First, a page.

Socket Head/Allen Head/Hex Head is a good choice when you have limited access to the screw head and you can't apply a lot of axial force.  However, you cannot apply a lot of torque to the head before stripping it out.  Socket Head/Allen head are "prettier" and come in a flat head version which can sit flush in countersunk holes like the ones in the SM stanchion bases that we are talking about in this thread.

www.mcmaster.com and www.grainger.com are two good places to find 316 Stainless Steel fasteners in the USA.  


Mark McGovern
SM 440 Cara
Deale, MD USA


Re: [Amel Yacht Owners] Looking for suggestions on galley refrigerator

Alexandre Uster von Baar
 

Excellent !!!
That confirm what I/we thought!

Sincerely, Alexandre



--------------------------------------------

On Tue, 8/7/18, sangaris@aol.com [amelyachtowners] <amelyachtowners@yahoogroups.com> wrote:

Subject: RE: [Amel Yacht Owners] Looking for suggestions on galley refrigerator
To: amelyachtowners@yahoogroups.com
Date: Tuesday, August 7, 2018, 7:58 AM


 









Out of curiosity I asked Veco (Annapolis
Frigoboat/Climma distributor) about their warning to use
only sea water for cooling, not tank water.  My questions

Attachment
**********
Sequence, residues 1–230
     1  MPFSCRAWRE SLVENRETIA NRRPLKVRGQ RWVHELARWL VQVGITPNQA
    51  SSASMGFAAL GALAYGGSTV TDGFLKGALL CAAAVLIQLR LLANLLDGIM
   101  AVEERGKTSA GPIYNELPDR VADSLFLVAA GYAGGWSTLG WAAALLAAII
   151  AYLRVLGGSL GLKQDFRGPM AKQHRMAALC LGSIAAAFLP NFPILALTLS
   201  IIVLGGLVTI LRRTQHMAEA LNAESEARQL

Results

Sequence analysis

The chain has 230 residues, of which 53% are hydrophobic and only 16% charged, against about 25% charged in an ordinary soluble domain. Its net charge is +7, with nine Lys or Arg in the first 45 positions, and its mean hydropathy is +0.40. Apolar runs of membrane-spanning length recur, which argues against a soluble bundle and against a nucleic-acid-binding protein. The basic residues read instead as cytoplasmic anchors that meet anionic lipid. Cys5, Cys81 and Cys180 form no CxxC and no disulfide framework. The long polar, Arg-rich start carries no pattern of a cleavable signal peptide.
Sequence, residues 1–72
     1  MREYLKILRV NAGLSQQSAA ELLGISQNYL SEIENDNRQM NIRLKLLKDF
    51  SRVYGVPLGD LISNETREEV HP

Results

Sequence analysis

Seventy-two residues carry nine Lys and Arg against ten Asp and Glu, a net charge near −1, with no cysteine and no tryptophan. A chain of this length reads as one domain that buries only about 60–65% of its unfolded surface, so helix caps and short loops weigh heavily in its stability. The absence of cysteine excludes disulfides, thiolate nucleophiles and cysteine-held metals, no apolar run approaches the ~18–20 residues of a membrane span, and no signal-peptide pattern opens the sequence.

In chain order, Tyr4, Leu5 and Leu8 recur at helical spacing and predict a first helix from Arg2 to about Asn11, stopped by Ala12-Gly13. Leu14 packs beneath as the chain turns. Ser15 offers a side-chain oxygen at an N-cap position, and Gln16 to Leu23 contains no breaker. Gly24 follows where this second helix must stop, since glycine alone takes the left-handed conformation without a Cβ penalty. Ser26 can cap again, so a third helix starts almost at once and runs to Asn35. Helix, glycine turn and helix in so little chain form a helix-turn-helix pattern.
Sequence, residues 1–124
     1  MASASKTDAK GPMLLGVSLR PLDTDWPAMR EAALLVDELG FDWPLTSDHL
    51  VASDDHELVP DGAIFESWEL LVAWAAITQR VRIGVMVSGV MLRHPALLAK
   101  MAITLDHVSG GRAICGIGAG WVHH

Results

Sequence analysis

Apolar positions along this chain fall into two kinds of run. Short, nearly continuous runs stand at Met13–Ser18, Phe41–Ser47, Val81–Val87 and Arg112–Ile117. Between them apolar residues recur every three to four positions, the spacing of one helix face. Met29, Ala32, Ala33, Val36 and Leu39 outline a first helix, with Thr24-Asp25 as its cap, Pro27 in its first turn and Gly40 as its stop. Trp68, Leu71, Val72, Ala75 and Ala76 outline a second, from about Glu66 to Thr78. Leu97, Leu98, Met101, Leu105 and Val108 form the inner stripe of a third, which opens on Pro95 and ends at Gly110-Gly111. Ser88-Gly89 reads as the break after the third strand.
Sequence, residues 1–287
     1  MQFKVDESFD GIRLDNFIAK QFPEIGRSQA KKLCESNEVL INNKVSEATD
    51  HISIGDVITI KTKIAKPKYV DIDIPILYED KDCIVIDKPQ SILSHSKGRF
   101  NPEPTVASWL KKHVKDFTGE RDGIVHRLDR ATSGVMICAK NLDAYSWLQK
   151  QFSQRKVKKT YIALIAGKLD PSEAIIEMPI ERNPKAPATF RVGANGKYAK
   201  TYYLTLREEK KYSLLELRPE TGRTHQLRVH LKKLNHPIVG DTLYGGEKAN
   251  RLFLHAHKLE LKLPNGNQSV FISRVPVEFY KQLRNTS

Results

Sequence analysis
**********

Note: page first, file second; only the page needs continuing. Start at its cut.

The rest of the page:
are below with their answers in red. "Dear Veco,I see in your Installation and
Instruction Manual that you have a warning in Chapter 3 that
the W35F and W50F Refrigeration Systems are designed to
operate with sea water cooling only, not water from water
tanks, etc. because serious health risks can
occur. Frigoboat systems are designed
for use with sea water only. There are no food-grade
materials used, and if a condenser rupture were to occur
there would be contamination of the drinking water from
refrigerant and oil if the system was installed using the
boat's water tanks.

I'm guessing the concern
with using recirculating cooling water from a fresh water
tank would be if the tank water were to heat up a lot or
become insufficient, the refrigeration may not provide
adequate cooling and food might spoil causing illness (and
possible legal ramifications for your company). Absolutely. Also, we would rather not have
the reputation of Frigoboat slighted by operators
broadcasting of poor performance when in fact their systems
have been installed and operated in a non-standard
way.

Owner error might also allow the
tank to become empty, although the system seemingly would
respond as it would were a sea water feed to become clogged
and no equipment damage would result. There is a temperature sensor on the
condensing coil that will stop the compressor if it is seen
that there is an inadequate supply of cooling